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First Circuit Upholds MERS Mortgage System Under Massachusetts Law

The First Circuit has affirmed a holding finding that the system under which mortgages are held in the name of Mortgage Electronic Registration Systems, Inc., commonly known as MERS, comports with Massachusetts law relating to mortgage transactions.  In the underlying matter, Culhane v. Aurora Loan Services of Nebraska, 826 F.Supp.2d 352 (D.Mass. 2011), Judge Young of the United States District Court had held that a mortgagor possesses standing to challenge the chain of assignment of his or her mortgage in defense to a foreclosure action, but further held that the MERS system of registration and transfer of mortgages is lawful.

MERS is an organization that allows for the transfer or mortgages among its member banks without the need for a new recording in the applicable registry of deeds for each transfer.  MERS appoints employees of its member banks as officers or secretaries of MERS, who then have the power to assign mortgages to other members, or from other members to themselves.  Throughout any transfer, MERS remains the nominal mortgagee of record for the benefit of the member bank currently holding the note.  As noted by the First Circuit, Culhane provided an emblematic fact pattern in cases challenging mortgage assignments through MERS.  The borrower signed a note for a home mortgage loan and granted the accompanying mortgage to MERS as nominee for the lender as well as its successors and assigns.  After the initial lender transferred the note and mortgage to another MERS member, MERS later assigned the mortgage to Aurora.  An Aurora employee and "certifying officer" for MERS executed the transfer.  Aurora, now the servicer of note and mortgagee of record, initiated foreclosure proceedings, and Culhane filed suit challenging the assignment of the mortgage from MERS to Aurora.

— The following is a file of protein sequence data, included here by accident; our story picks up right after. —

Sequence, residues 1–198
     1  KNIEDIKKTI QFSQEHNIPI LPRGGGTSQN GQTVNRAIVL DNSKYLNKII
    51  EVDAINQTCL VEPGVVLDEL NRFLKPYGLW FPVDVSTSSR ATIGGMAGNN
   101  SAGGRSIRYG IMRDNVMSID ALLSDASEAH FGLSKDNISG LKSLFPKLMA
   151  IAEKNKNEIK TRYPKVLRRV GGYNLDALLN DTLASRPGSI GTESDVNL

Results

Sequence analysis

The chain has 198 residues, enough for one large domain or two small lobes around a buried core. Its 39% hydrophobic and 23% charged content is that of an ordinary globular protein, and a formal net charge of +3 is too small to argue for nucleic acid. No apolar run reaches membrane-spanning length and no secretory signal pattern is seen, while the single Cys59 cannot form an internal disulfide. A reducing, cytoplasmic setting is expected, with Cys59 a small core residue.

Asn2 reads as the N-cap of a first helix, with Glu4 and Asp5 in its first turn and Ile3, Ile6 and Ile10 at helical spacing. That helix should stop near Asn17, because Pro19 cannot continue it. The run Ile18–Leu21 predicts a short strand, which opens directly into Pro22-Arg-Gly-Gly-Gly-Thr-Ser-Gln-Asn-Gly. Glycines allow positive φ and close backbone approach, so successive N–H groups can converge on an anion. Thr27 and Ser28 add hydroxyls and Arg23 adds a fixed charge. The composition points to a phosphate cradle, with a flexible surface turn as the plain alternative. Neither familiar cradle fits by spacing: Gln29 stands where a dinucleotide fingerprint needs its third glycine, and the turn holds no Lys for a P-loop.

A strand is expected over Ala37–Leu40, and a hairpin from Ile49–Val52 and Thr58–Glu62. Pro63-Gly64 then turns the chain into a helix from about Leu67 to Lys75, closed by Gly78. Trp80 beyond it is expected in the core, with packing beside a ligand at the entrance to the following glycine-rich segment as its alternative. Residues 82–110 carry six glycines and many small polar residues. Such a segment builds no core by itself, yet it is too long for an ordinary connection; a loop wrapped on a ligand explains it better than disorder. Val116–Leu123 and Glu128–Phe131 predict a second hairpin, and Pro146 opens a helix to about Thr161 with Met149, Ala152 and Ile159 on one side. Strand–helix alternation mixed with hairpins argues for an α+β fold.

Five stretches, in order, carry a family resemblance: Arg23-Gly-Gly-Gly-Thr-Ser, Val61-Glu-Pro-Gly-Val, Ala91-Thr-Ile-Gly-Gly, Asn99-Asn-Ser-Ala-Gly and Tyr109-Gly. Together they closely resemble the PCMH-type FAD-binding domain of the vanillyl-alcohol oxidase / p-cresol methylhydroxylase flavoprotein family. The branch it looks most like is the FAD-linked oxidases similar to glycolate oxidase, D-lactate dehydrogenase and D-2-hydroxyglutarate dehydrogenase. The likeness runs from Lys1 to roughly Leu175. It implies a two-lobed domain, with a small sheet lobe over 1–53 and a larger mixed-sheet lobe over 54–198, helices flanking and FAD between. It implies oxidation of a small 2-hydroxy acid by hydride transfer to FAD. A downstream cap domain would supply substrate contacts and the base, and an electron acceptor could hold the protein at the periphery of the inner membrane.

With regard to the MERS system itself, Culhane argued that MERS, as holder of only the bare legal interest in the mortgage, lacked the authority to transfer that interest.  The Court disagreed, noting that Massachusetts law has long recognized the separate, but related, beneficial interest in the note and legal interest in the mortgage.  The mortgagee acts as an equitable trustee for the noteholder, and absent a restriction against transfer of the mortgage or note in the loan agreements, that arrangement is valid.  Further, the original mortgage documents contemplated this separation of interests, as the mortgage was granted initially to MERS as nominee for the lender and its successors or assigns.  Finally, the MERS system of "certifying officers" employed by member banks also comports with Massachusetts law, which requires only a notarized, written execution by an officer with authority. As noted by the First Circuit, "While MERS's practice of appointing employees of member firms as certifying officers can be disparaged on policy grounds, such policy judgments are for the legislature, not the courts."  The full text of the opinion can be found here.

While it now appears that mortgagors have standing to challenge mortgage assignments in the First Circuit, such standing comes with significant limitations. Challenges are limited to transfers that are void as a matter of law, and challenges based on the MERS system have been effectively foreclosed.

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